5 of 5
A fundamental problem of causation
Posted: 20 April 2011 05:10 AM   [ Ignore ]   [ # 61 ]
Sr. Member
Total Posts:  823
Joined  2008-01-23

Kkwan, dear oh dear as soon as I unblock you I have to unravel this mess. Still it was an interesting link if ultimately useless.

kkwan - 20 April 2011 04:00 AM

From this article HERE

Why go to secondary sources when you could go to the primary literature?

A theorem recently propounded by Princeton mathematicians John Conway (who invented the famous Game of Life) and Simon Kochen (one of the originators of the Kochen-Specker paradox of quantum mechanics) supports a powerful challenge to the scientific credentials of determinism, by showing that two cornerstones of contemporary science, namely acceptance of the scientific method as a reliable way of finding out about the world, and relativity theory’s exclusion of faster-than-light transmission of information, together conflict with determinism, in both its versions.  Belief in determinism may thus come to be seen as notably unscientific.

The following is not an argument by either Conway or Kochen!!!! It was very misleading to post it the way you did.

However, as I have argued in various publications, there are other reasons for believing in free will associated with rational conscious decisions and actions; and refutation of determinism supports an argument that the physical world is not closed to influences from rational conscious processes, and thus that there is ‘room’ for free will.

And what was before the “however” lurkers might be wondering?? Here it is:
Recognition that the Conway-Kochen theorem makes it unscientific to accept determinism would not directly support free will.  Quantum mechanics treats the indeterminism involved in the results of such measurements as being random within probability parameters specified by the mathematics; and as has often been pointed out, randomness is inimical to free will rather than supportive of it.”[My emphasis]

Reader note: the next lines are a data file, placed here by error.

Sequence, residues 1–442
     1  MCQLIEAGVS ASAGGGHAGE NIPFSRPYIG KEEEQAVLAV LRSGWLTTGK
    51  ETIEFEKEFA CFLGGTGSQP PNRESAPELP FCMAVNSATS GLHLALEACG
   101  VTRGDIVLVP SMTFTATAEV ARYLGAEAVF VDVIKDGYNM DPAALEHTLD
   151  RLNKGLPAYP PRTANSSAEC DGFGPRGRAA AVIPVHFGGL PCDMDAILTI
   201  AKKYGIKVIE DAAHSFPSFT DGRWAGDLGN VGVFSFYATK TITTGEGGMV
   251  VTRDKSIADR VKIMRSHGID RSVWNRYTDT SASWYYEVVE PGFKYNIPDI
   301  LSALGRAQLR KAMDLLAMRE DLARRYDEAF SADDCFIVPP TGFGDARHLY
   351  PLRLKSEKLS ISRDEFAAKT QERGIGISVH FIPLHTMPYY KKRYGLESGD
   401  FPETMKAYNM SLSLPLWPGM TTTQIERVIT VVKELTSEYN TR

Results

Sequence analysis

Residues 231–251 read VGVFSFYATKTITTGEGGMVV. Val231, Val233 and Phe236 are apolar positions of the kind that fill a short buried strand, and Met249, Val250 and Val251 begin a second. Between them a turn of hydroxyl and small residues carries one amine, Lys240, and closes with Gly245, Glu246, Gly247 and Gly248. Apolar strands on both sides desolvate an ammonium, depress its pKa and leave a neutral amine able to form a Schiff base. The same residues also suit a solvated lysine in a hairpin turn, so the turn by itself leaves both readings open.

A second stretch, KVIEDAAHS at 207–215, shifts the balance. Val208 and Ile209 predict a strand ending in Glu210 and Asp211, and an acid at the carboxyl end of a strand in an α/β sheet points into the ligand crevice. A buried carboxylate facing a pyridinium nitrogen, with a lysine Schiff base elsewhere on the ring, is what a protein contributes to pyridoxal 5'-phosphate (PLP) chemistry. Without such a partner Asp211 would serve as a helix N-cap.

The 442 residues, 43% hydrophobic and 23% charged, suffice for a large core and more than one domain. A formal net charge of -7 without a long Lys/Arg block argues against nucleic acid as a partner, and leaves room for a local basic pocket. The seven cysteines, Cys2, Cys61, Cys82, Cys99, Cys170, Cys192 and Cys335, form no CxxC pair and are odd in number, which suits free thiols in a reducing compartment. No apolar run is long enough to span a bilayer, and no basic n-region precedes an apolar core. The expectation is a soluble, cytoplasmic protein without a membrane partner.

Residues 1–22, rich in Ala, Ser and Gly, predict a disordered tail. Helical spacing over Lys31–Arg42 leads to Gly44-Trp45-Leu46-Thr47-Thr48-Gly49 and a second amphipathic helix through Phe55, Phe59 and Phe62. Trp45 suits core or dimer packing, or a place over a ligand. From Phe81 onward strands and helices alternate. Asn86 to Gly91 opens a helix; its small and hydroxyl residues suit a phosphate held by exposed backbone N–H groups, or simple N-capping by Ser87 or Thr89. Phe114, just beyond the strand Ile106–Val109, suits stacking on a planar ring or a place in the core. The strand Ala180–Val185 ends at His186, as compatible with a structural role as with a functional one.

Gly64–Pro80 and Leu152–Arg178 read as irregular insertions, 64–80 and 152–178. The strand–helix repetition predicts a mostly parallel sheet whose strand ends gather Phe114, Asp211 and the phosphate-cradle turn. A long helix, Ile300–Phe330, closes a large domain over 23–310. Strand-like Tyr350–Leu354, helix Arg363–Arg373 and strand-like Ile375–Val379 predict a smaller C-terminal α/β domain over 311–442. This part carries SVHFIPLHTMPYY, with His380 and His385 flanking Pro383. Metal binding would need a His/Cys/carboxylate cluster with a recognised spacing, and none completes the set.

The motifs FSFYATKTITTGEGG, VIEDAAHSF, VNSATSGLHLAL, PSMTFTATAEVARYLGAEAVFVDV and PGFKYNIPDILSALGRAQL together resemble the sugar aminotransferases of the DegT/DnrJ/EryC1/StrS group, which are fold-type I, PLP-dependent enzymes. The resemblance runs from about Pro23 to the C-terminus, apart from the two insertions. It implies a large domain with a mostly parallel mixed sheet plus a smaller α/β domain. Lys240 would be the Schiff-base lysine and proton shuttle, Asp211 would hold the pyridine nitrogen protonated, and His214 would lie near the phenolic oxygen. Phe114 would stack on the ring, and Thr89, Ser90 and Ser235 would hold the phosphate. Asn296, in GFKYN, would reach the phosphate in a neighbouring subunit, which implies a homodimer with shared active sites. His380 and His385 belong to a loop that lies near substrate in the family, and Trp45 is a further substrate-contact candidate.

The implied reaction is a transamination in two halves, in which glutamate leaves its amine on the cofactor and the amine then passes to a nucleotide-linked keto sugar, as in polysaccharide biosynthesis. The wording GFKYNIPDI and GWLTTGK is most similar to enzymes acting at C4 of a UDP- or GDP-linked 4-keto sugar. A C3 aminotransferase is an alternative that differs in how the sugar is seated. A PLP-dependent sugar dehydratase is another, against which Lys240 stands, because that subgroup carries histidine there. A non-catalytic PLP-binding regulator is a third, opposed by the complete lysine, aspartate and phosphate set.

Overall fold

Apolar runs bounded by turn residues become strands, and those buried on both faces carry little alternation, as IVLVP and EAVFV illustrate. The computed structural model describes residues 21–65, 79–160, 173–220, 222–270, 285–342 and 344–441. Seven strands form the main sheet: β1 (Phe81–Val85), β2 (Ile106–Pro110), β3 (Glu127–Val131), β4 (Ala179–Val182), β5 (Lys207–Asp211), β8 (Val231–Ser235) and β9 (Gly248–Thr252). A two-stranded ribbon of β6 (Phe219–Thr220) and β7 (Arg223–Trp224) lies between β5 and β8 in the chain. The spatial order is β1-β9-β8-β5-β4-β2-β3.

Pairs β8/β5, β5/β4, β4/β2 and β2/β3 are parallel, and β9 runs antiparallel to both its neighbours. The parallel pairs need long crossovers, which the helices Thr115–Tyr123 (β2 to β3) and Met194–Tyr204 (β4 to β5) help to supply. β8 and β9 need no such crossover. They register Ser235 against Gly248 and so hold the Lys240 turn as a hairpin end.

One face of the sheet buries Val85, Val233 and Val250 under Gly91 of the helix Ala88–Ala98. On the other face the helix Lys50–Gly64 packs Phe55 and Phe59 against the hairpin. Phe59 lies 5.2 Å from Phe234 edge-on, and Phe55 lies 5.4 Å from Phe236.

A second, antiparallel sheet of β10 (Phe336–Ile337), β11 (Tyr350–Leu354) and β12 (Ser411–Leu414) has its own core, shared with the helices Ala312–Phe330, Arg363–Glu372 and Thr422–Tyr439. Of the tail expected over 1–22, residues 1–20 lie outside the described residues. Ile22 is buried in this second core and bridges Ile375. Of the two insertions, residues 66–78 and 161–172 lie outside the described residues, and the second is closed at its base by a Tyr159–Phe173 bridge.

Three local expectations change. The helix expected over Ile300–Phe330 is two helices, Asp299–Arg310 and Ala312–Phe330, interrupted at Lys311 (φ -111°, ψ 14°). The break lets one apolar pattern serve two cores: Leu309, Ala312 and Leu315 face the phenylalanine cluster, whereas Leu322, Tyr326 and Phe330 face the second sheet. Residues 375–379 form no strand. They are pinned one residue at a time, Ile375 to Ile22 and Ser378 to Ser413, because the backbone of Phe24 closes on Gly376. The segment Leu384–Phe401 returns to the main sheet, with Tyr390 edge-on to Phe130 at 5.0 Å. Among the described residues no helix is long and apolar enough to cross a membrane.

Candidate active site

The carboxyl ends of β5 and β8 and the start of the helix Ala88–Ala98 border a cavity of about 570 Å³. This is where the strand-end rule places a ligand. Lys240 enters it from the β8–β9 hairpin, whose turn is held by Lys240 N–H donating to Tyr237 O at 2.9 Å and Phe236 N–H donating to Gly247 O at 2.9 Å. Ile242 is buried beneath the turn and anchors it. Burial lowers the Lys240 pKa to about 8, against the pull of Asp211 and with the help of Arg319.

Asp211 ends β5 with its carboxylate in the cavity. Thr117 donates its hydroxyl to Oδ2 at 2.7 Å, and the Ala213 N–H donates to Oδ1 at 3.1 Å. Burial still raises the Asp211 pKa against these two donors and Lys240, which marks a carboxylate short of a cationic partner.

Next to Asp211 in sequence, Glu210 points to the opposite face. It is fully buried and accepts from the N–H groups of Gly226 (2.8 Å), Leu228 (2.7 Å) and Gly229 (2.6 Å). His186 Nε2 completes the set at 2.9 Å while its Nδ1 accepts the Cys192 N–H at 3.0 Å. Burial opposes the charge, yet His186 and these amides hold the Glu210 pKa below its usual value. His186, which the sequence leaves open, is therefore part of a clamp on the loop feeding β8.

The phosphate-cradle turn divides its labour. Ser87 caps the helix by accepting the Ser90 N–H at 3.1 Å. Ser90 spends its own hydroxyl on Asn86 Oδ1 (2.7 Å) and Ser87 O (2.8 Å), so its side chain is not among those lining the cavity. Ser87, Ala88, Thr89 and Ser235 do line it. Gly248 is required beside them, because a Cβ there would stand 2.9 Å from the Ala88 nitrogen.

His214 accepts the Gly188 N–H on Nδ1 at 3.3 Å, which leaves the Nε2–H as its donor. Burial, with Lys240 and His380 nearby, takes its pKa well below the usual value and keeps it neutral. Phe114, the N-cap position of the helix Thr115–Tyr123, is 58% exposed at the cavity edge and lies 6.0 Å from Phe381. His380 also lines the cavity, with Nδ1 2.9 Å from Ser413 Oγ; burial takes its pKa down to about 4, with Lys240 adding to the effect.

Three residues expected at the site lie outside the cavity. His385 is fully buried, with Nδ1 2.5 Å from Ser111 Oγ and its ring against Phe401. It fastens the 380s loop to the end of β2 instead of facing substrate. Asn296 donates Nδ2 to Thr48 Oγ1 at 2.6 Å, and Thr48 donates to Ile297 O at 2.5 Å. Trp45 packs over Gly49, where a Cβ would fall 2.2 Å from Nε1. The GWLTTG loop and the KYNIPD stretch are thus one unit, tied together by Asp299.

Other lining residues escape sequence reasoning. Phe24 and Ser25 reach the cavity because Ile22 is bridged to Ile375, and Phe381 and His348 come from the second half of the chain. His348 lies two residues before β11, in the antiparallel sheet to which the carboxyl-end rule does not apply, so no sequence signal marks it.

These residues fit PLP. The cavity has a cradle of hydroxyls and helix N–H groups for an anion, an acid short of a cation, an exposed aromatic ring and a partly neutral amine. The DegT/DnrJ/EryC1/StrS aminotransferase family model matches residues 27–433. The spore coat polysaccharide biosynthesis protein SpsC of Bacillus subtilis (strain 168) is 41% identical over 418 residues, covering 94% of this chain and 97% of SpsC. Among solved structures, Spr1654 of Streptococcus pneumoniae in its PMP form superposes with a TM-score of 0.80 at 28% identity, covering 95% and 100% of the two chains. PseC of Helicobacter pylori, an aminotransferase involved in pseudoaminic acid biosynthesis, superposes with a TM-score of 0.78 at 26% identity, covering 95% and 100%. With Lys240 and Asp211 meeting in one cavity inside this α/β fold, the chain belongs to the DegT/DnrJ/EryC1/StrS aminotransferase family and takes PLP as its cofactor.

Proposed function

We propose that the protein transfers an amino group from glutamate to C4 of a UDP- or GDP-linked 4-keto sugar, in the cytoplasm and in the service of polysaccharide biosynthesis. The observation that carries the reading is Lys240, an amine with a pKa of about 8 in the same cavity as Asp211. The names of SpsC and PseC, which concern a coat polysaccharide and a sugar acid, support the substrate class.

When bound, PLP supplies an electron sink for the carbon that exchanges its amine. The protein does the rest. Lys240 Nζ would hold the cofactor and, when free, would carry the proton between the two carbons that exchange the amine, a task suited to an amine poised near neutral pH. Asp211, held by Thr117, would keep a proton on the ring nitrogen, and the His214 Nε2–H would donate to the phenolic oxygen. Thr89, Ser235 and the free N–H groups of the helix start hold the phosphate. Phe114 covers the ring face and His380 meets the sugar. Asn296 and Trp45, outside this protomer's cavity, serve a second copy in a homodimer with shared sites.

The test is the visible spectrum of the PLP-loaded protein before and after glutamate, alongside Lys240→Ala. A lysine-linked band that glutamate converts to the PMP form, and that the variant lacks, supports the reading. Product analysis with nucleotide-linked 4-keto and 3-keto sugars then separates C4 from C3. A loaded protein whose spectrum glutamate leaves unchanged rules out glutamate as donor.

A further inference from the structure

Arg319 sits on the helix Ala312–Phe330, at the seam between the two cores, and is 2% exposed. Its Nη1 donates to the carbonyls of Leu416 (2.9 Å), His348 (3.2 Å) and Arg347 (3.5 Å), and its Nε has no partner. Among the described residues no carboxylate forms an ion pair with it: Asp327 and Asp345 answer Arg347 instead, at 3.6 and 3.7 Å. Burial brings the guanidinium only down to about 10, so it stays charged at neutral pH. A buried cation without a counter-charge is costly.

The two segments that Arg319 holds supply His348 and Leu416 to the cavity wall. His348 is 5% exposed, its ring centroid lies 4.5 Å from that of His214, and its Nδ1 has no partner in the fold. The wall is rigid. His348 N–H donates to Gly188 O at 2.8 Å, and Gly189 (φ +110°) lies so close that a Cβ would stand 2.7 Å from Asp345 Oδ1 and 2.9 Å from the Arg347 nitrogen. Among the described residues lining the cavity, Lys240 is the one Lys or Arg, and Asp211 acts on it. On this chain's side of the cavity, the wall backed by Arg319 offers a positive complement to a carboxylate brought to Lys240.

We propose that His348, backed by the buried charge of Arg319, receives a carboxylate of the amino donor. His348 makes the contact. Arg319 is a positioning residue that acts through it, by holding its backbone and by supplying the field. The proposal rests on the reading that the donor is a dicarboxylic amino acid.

And room for free will is found in downward causation of biological systems of which human free will is the epitome.

There is nothing in this paper to remotely indicate any such thing neither “downward causation” nor “biological system” are discussed in this paper! It was deeply misleading, given just this paper, to imply that is what Conway was arguing for. Almost libellous I would say.

So what is the relation of this paper to free will? Even the author, who is a free will advocate, admits that:
“Although the authors called their theorem the free will theorem, it does not actually either depend on any assumption of free will as generally understood, or directly support any conclusion about free will. “
It was an argument in physics, arguably going beyond the Bell inequalities demonstrated by Aspect that refuted EPR. It was a new piece of work to do with quantum indeterminism combining quantum mechanical and special relativity axioms. Unlike Bell by Aspect, it has not been experimentally verified. One would need to have a twin labs on the Moon and Earth to do so (as suggested by the original authors)!

Kkwan is back on my block list.

Posted: 20 April 2011 05:29 AM   [ Ignore ]   [ # 62 ]
Sr. Member
Total Posts:  2012
Joined  2007-10-28
faithlessgod - 20 April 2011 04:31 AM

As I said determinism is really a red herring. The universe may be deterministic or indeterministic it makes no difference to the issue over LFW. All we have are regularities in nature and anything else is random. I severely doub that the authors are arguing for LFW but I will read the paper when I have time.

If the universe is deterministic or indeterministic, it is fatal for all forms of free will.

They are proposing LFW. Please refer to my post HERE

However, for the purposes of our paper, we can bypass this hoary discussion, simply by saying that the only kind of free will we are discussing, for both experimenters and particles, is the active kind of free will that can actually affect the future, rather than the compatibilists’ passive variety that does not.

You wrote:

There is downward causation only from the 1st person perspective. From the 3rd person perspective it is just causation.

Not really. If you will buy and read “The Music of Life” by Denis Noble you will have a better picture of downward causation in living biological systems and it is not just from the 1st person perspective.

You clearly did not read that link, did you?

I did, but I do not see the relevance wrt to biological systems.

His work is not conjectural metaphysics, it is physics.

It is? Please show me the timeless physics.

Says who? Whilst I have long disagreed with what is now called GOFAI, we are biological computers and we are learning much about nature has solved many computational challenges. The issue is to find the correct algorithms and on what level to model them - sub-neurons, neurons, neuronal groups or otherwise.

If you buy into physicalism/materialism/reductionism and that the mind is epi-phenomenal, it follows we are biological computers which I think, are false doctrines.


I am, therefore I think.

5 of 5